A simple prompt for beneficiaries to consider how they’d like to use their money right before receiving it can also support their financial goals. Other tactics include reminders to follow through on plans, systems to provide feedback to people on their savings progress, and wallets to help them physically separate (and thus mentally separate) what they want to spend routinely from what they want to set aside for the future. Many inexpensive options exist that are fairly easy to put in place.

To bring more of these solutions to cash transfer programs, ideas42 and the World Bank, with financial support from the Global Innovation Fund, are launching a new initiative, Behavioral Design for Cash Transfer Programs. Working with government partners to identify the best options for incorporating behavioral designs in cash transfer programs across several African nations is a critical next step in improving this anti-poverty tool. We can then work to make behavioral science an automatic part of any social protection program that features a cash transfer.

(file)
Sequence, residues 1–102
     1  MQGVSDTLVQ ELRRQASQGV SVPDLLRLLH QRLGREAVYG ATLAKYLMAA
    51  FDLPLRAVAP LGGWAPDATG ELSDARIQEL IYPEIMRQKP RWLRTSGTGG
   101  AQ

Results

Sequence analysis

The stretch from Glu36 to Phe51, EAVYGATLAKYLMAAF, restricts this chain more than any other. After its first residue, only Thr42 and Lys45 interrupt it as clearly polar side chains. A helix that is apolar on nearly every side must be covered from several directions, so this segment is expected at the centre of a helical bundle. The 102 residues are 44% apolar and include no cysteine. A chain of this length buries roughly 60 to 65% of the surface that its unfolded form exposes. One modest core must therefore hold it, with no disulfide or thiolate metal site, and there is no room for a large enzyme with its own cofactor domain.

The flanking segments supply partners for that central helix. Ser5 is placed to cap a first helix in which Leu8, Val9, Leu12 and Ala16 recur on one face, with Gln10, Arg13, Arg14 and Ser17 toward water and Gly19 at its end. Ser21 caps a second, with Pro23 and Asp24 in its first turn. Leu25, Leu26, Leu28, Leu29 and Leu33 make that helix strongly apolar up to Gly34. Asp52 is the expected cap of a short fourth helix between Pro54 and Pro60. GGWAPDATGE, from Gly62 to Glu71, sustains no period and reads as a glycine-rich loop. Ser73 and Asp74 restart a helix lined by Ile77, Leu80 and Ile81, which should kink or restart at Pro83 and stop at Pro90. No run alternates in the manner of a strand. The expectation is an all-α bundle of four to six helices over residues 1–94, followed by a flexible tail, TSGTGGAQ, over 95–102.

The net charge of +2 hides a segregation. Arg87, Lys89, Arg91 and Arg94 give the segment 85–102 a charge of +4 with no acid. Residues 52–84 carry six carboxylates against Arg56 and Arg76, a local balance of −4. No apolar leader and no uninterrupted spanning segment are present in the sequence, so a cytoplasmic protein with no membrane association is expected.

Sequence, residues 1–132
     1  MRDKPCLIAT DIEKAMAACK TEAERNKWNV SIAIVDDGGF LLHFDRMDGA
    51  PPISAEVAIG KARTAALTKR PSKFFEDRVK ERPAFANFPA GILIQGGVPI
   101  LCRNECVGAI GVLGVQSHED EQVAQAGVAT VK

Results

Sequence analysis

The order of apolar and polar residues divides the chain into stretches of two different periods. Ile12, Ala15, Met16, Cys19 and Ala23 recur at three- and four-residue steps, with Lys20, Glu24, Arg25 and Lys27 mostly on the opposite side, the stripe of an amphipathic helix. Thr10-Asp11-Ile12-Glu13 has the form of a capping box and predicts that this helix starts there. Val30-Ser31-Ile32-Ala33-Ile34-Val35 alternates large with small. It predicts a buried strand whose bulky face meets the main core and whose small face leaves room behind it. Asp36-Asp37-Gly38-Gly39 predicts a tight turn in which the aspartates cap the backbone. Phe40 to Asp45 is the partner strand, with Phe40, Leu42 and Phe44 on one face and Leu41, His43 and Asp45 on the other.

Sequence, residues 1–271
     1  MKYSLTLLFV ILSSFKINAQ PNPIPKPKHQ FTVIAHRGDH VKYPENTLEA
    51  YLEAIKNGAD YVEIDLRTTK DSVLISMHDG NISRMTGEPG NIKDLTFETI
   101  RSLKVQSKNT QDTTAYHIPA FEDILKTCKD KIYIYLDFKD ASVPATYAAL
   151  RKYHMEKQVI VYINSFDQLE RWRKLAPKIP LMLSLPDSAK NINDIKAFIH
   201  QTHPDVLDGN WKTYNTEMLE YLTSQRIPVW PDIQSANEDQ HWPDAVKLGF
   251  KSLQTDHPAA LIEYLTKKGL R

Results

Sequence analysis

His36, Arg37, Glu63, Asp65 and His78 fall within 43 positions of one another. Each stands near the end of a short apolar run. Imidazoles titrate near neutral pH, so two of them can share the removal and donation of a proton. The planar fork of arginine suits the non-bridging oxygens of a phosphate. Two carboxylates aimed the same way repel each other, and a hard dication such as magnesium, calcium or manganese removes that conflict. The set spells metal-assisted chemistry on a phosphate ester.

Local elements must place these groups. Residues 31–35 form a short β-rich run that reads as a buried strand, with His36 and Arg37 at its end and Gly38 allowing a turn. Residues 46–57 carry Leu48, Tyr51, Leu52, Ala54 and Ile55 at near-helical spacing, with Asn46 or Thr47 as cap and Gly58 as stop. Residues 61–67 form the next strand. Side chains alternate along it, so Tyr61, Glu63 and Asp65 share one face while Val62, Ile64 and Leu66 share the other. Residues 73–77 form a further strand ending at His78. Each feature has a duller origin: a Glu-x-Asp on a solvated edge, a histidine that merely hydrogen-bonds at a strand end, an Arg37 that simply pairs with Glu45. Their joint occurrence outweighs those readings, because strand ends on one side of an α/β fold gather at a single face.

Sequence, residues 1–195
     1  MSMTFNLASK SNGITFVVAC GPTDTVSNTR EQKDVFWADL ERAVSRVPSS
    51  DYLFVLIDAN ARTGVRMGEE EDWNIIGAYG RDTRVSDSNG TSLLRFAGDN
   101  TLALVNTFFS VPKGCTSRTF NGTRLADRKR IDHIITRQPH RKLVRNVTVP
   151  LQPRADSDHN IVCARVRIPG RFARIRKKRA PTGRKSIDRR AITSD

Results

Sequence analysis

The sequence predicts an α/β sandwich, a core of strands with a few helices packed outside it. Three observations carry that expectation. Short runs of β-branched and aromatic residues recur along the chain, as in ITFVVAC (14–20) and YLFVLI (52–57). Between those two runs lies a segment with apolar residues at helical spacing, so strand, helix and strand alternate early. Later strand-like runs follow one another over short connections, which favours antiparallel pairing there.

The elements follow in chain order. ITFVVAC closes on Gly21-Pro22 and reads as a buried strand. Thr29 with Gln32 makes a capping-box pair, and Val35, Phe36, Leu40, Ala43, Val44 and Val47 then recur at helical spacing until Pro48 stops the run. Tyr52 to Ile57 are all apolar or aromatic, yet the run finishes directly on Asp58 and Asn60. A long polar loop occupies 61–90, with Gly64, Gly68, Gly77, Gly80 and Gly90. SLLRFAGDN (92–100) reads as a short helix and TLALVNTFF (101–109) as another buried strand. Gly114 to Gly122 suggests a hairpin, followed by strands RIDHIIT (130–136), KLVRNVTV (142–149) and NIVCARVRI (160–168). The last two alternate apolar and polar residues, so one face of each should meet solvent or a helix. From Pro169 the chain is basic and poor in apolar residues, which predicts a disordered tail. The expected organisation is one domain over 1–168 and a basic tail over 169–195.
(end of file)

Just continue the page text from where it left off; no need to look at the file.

Improving the efficiency of cash transfers can cut costs while maintaining and enhancing the collective agency of recipients. The next step in the evolution of cash transfer programs is to follow advances in other fields by providing low-cost, high-impact and effective support, based on behavioral research. We envision a social protection sector where all cash-based programming is designed to incorporate the latest findings from behavioral science research. With cash, families may imagine a better future; we should do all we can to help them take control of it.

 

Josh Martin is a vice president at ideas42, where he oversees behavioral science interventions in international governance and public service provision.

Laura Rawlings is a lead social protection specialist, where she oversees a number of research and program initiatives in the social protection field.

Photos by Dimitri Ralovason and Abi Warren, ideas42.

 


 

 

Categories
Inclusive Fintech, Technology
Tags
Base of the Pyramid, behavioral economics, cash transfers, digital payments, financial innovation, poverty alleviation, social impact